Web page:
Minato to speak in nutrigenomics series March 21

Yusuke Minato
Yusuke Minato

Yusuke Minato of Oregon State University will present “Energy Metabolism Affects Virulence Gene Expression in Vibrio Cholerae” at noon March 21, as the next speaker for the Nebraska Gateway for Nutrigenomics Seminar Series. This seminar will take place in 304 Leverton Hall.

Minato is with the Department of Biomedical Sciences, College of Veterinary Medicine at Oregon State. Although he is a Japanese pharmacist, he has mostly been working as a basic researcher in the field of bacteriology. His interests are to understand the mechanisms of virulence gene regulation and multidrug resistance in bacteria and to utilize these insights for developing novel intervention strategies to treat infections.

He began to develop his research experiences while he was under the mentorship of Tomofusa Tsuchiya at Okayama University, Japan. During this time as a Ph.D. student, he identified and characterized several bacterial multidrug efflux pumps that are potentially key factors in multidrug resistance in certain strains of Serratia marcescens.

After the completion of his Ph.D. program, he joined Hannah Wexler's lab for his first post-doctoral position working on multidrug efflux pumps from Bacteroides fragilis. After that, he joined Claudia Hase’s lab at Oregon State University, where he started working on virulence gene regulation in Vibrio cholerae. In the Hase lab, his research is focused on the link between bacterial metabolism and virulence gene expression using V. cholerae as the model system.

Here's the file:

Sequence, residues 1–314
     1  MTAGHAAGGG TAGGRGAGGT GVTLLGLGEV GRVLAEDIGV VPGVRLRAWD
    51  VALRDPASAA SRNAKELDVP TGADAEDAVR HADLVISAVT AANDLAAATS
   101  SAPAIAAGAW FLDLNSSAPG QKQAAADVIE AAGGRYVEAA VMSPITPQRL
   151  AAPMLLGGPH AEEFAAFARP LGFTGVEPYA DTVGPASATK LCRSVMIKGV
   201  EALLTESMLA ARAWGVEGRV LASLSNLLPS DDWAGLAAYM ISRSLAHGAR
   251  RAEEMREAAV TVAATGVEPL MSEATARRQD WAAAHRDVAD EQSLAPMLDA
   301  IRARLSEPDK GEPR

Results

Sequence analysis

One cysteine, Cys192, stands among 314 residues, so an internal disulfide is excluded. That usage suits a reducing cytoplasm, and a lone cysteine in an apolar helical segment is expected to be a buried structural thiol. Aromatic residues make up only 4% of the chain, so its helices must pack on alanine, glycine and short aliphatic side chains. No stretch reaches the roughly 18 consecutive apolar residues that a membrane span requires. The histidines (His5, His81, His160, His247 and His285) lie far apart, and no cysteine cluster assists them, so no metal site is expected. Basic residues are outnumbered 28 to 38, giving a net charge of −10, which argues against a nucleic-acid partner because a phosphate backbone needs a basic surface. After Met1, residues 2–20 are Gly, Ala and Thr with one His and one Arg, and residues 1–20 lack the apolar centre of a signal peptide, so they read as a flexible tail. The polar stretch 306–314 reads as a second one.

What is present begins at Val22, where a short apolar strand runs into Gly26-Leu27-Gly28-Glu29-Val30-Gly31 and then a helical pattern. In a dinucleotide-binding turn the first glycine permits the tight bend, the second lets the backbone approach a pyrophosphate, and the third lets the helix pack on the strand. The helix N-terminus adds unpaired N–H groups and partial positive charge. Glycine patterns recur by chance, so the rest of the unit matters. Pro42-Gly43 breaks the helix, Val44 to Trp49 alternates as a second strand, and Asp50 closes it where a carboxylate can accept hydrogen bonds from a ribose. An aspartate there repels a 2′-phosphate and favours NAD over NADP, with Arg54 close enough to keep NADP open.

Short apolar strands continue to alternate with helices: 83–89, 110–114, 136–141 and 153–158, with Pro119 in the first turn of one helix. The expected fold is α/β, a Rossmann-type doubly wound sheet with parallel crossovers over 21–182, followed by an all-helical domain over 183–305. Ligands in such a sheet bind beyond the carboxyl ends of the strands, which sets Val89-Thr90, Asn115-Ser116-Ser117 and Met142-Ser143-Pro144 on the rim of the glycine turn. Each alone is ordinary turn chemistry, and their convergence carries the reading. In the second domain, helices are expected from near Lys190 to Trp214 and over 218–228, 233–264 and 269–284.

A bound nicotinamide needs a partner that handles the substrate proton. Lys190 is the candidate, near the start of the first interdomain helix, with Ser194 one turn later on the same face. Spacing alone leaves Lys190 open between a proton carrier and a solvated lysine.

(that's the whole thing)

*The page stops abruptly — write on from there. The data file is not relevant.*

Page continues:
Virulence gene expression in V. cholerae is strictly regulated and the primary clues perceived by the bacteria that induce virulence factor production in the human intestine are not known. Since V. cholerae is exposed to a variety of environments within the human host and is eventually required to adapt to the conditions available at its infection site, the small intestine, it can be expected that the metabolic status of V. cholerae changes substantially during the course of infection and therefore changes in metabolism are possibly coordinated with virulence gene expression.

All interested faculty, students, and staff are welcome to attend this free seminar.